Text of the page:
Back in August, a police officer’s family cat was murdered and mutilated and placed in front of their home in a gruesome display. 

Here’s that previous report from August of 2020. 

_

BROKEN ARROW, OK –In what is reminiscent of a scene from the original Godfather, an incident was recently reported in which a police officer’s cat was brutally killed and cut in half.  The message, being investigated by the department is that the officer or officers should be killed.

The Broken Arrow Police Department recently began an investigation regarding the gruesome killing of a Bengal cat that belonged to a police officer and his family. 

Police report that the family lives in Broken Arrow and their beloved family cut had been cut into two pieces and gutted.  The cat was left for the family to find across the street from their residence over the past weekend.

Broken Arrow Police Department report that there was no way that an animal could have possibly done the damage witnessed on the cat.  The damage that was done could only have been done by some sick and twisted human.

As far as the family goes, their cat, Capone, is devasted that someone would do that to any animal, let alone theirs.  The officer, who belongs to the Tulsa Police Department, said that the cat had been in their family for the last nine years.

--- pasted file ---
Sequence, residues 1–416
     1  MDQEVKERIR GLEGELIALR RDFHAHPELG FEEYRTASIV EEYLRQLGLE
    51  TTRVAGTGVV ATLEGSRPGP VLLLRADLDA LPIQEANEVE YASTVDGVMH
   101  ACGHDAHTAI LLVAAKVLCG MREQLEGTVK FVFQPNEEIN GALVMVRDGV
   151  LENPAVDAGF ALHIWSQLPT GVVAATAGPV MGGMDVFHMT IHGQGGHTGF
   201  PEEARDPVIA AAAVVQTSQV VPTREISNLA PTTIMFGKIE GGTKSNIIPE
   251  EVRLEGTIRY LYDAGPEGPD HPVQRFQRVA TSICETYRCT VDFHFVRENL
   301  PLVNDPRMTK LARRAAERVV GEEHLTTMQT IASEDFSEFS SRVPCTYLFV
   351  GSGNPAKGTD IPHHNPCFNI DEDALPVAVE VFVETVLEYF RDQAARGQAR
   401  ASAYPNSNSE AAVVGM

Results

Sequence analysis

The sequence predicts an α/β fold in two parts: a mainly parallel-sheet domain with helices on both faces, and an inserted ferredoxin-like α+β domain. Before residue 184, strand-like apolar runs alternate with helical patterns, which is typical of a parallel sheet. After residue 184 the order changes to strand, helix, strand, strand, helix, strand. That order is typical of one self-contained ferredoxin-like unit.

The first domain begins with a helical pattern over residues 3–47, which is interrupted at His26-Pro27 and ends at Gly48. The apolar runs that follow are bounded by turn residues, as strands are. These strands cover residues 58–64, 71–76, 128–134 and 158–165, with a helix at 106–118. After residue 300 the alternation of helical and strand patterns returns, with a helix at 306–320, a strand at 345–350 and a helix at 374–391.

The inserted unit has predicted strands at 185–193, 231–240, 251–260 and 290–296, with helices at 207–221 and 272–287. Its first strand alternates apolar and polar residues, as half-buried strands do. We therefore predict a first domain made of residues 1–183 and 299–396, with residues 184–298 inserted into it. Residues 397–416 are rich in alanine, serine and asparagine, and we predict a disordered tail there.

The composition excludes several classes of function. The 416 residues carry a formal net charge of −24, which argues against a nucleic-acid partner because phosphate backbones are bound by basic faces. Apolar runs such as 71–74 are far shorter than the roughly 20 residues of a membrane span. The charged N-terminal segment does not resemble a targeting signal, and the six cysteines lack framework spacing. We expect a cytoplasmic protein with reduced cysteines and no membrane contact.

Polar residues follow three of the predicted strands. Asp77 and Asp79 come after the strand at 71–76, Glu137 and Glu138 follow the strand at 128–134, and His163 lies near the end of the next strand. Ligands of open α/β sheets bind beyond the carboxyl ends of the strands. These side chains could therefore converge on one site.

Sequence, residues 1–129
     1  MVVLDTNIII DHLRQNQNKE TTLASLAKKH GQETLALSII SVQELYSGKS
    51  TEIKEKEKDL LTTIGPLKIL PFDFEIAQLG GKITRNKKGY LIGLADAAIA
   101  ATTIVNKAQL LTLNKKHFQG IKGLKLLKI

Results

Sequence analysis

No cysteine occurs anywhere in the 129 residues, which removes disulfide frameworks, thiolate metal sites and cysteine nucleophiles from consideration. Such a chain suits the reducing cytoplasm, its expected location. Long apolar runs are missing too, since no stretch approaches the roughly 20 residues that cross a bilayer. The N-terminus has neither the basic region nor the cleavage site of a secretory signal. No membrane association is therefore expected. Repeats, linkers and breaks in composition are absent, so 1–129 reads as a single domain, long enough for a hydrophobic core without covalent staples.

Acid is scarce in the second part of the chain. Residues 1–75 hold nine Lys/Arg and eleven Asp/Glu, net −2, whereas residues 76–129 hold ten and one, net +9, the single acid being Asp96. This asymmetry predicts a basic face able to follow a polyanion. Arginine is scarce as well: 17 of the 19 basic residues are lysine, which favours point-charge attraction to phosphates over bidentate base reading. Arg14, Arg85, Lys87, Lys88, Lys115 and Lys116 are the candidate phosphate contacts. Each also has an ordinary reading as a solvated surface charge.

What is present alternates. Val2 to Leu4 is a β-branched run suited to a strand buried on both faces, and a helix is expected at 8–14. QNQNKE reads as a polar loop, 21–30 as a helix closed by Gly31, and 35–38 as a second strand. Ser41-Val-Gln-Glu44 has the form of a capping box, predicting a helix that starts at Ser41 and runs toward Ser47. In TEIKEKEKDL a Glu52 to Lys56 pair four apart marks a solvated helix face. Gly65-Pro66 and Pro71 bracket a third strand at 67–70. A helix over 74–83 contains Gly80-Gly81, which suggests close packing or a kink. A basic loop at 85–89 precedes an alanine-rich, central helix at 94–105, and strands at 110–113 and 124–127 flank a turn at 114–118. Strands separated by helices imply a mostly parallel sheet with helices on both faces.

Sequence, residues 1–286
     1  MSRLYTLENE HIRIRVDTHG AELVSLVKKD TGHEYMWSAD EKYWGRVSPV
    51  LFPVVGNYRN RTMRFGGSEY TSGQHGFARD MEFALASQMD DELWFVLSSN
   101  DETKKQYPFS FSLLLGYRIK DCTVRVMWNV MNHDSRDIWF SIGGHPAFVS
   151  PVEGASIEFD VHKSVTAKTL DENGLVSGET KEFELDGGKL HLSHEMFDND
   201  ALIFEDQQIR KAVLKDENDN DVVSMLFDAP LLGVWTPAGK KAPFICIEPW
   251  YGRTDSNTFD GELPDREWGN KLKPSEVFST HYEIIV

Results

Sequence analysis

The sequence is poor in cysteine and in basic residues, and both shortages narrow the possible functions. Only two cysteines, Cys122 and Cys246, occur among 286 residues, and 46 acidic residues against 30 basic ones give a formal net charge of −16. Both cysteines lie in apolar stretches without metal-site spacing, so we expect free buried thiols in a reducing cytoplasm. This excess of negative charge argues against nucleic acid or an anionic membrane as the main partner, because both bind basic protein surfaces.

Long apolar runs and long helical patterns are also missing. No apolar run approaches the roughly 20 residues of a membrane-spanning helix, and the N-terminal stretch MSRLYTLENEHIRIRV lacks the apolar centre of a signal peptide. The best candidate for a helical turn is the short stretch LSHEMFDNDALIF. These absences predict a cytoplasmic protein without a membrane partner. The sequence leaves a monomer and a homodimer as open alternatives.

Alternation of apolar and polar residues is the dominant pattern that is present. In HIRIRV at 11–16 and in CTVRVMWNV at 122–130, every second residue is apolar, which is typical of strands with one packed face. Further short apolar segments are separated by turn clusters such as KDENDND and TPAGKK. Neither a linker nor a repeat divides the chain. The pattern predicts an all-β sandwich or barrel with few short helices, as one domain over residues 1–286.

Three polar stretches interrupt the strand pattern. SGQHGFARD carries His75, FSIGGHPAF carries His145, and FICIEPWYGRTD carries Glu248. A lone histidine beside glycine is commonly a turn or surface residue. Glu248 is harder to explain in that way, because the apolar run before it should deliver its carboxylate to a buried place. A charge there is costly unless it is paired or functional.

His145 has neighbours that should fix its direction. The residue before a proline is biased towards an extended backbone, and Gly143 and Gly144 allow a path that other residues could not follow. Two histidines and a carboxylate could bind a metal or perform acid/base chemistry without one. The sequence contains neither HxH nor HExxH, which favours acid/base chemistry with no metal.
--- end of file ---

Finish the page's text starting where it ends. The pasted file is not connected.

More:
Police believe that the family could have been targeted because their neighbors, and anyone who would pass by, would know that a police officer lives there.  That would be because the officer would park his marked police vehicle in their driveway, and they fly a thin blue line outside of their residence.

Because of that, police believe that whoever brutally killed and tortured the family pet did so because they knew it belonged to a police officer.  As such, the Broken Arrow Police Department is investigating the killing as a hate crime.

The family, along with members of the neighborhood and the Oklahoma Alliance for Animals have joined forces to offer a $2,500 reward for the arrest and conviction of whomever is responsible. 

The Broken Arrow Police Department advises that they are pursuing the investigation as if it were a hate crime.  Oklahoma and Federal law determine that a bias or hate incident is defined as any act of prejudice that are not crimes and do not involve violence, threats, or property damage. 

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Author: Jenna Curren